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Blob’s Gotta Eat – A Gameplay Breakdown

Posted by
Tuesday, August 28th, 2012 3:01 pm

Firstly, if you haven’t played our game yet, please do so, it would make us happy: http://www.ludumdare.com/compo/ludum-dare-24/?action=preview&uid=11523

So, with a good night’s rest and return to normalcy behind me, I figured now would be a good time to reflect on some of the details of the game. This is mostly a talk about the AI and gameplay, since Flixel did most of the heavy lifting with regards to sprite pushing. This is also fairly elementary stuff since I wasn’t going to make any breakthroughs in AI in 72 hours, although is hopefully of interest to people who’ve not had much exposure to the area before.


AI – Wander Behaviour

The standard (red top) enemies in Blob’s Gotta Eat alternate between two behaviours : standing and wandering to a nearby point. Since it doesn’t exactly take a lot of code to make an enemy stand still, let’s talk about the wander behaviour. When an enemy decides to wander, it first makes a random choice between staying in the same room or going to an adjacent room (I’ll get onto what defines a room in a bit). For the final game we decided to make it a 50/50 chance of whether the enemy would change rooms. Once the enemy has decided on a room, they’ll pick a random spot in that room which is unobstructed by furniture and then walk to it.

We went with this behaviour so the enemies would have more of an interest in staying in a general area of a level, than if they had randomly picked a point in the entire level. I.e. you’ll see them hang around a room, maybe walk to a couple of different nearby points and then move to a nearby room, giving a better impression of having some interest in the environment.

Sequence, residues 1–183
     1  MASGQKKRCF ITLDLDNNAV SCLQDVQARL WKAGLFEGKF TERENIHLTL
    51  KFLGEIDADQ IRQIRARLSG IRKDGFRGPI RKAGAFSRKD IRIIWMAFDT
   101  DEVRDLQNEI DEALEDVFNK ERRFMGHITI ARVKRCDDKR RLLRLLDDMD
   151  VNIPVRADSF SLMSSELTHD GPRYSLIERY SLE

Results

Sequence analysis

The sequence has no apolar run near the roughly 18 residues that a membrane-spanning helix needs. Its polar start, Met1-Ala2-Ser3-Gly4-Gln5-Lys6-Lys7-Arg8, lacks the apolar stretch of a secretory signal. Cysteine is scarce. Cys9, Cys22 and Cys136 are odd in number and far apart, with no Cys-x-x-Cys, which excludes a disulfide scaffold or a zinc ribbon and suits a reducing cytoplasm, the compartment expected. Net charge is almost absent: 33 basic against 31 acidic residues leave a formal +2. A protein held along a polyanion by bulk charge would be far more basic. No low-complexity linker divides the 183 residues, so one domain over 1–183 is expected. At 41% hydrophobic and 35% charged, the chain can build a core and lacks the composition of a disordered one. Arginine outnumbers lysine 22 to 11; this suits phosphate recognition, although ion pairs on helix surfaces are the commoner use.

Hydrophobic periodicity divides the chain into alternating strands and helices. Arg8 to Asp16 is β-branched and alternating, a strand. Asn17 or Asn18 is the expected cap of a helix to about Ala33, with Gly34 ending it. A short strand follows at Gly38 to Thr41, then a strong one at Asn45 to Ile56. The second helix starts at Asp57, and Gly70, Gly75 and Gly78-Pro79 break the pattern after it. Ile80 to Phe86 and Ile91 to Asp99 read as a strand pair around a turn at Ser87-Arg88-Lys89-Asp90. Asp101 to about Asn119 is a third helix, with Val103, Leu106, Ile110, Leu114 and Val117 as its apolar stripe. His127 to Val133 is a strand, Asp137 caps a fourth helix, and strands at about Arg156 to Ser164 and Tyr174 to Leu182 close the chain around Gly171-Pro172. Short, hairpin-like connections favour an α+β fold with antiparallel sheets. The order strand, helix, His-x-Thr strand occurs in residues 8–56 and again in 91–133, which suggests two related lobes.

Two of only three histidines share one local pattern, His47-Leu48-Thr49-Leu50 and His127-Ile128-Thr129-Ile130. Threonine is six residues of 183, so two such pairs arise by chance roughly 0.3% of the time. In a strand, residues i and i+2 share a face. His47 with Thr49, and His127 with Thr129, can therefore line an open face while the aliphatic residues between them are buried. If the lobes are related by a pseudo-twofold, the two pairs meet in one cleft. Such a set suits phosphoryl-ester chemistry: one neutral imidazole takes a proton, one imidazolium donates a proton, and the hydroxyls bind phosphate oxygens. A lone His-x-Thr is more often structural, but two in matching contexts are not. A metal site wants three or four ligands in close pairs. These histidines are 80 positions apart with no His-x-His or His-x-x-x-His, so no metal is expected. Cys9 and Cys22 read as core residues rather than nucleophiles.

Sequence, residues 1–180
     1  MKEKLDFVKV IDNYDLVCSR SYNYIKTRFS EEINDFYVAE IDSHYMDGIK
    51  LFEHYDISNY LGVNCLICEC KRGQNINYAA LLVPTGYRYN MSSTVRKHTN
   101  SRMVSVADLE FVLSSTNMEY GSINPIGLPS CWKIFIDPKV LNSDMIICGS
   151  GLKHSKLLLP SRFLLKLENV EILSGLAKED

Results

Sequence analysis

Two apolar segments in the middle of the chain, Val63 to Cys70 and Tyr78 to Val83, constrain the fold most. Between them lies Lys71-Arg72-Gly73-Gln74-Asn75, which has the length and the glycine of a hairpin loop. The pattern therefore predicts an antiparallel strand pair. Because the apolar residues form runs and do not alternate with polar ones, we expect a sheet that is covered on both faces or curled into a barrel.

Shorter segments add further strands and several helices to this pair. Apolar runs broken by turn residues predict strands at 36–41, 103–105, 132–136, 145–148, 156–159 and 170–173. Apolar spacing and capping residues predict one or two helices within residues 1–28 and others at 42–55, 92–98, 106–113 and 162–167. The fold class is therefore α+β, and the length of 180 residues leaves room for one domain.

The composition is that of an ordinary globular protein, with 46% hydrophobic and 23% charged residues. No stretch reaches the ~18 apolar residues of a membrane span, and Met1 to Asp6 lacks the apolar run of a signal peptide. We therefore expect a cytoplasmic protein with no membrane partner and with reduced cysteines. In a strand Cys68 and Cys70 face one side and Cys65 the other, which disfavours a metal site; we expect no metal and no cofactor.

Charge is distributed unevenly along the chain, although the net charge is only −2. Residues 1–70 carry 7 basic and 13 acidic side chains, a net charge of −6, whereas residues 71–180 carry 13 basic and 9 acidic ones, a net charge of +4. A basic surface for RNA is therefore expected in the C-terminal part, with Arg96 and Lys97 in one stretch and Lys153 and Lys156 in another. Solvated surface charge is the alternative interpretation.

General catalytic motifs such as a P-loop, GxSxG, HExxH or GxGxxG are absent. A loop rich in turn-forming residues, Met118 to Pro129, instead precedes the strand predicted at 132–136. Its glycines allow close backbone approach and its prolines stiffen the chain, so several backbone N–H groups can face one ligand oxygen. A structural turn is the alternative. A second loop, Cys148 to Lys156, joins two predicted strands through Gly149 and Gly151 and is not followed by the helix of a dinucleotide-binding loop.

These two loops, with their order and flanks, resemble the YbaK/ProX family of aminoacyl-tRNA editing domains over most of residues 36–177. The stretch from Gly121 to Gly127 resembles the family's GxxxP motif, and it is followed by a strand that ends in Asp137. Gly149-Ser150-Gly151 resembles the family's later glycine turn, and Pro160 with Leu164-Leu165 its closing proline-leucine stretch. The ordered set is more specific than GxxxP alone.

For path-finding between two points, I simply built up a graph of all unblocked squares in the level and then used Dijkstra’s algorithm to find a route from their current location to their desired target (whether it was in the same or different room made no difference, since the graph covered the whole level). For those unfamiliar with Dijkstra’s, the basic jist is starting out from the nearest node (in this case 2D tile location) to the start location, you calculate the distance to neighbouring nodes, finalising the distance to the closest node, and then re-calculate distance to the neighbouring nodes of that, and so on until you’ve reached the destination node. There are plenty of good articles on the web on it, and a lot of places will also recommend the A* algorithm (which achieves similar results quicker) although for the sake of a small game there won’t be difference in it (I only needed to generate a path about once every few seconds for each enemy, and Djikstra’s is quicker to implement).

(Here’s a crude representation of the links between nodes in a section of a level. Each red line between two tiles is a connection that can be walked by an enemy)


Room specification

In our game, a room is defined by a series of rectangular areas (so a rectangular room can be defined with one area, an L-shaped room with two areas, etc) and the indices of rooms which it considers neighbours. Interestingly, since the pathfinding is totally separate from the definition of rooms, we can actually define any two rooms to be neighbours, and the shortest route between them will be treated as the accepted passageway followed when switching rooms, be it one square or a long snaking corridor through the level. When we are reading in the areas bound to a room, we iterate through each tile in that area and add to a list of unobstructed tiles for the room. This list is used when randomly picking a point in the room for an enemy to visit and means each tile has equal probability of being chosen regardless of room shape. It also means we can guarantee that the first tile randomly picked will be unobstructed; if we’d randomly picked a tile in one of the room’s areas, then we’d have to check if it was free and then potentially pick a new tile, and re-check if it was free and so on.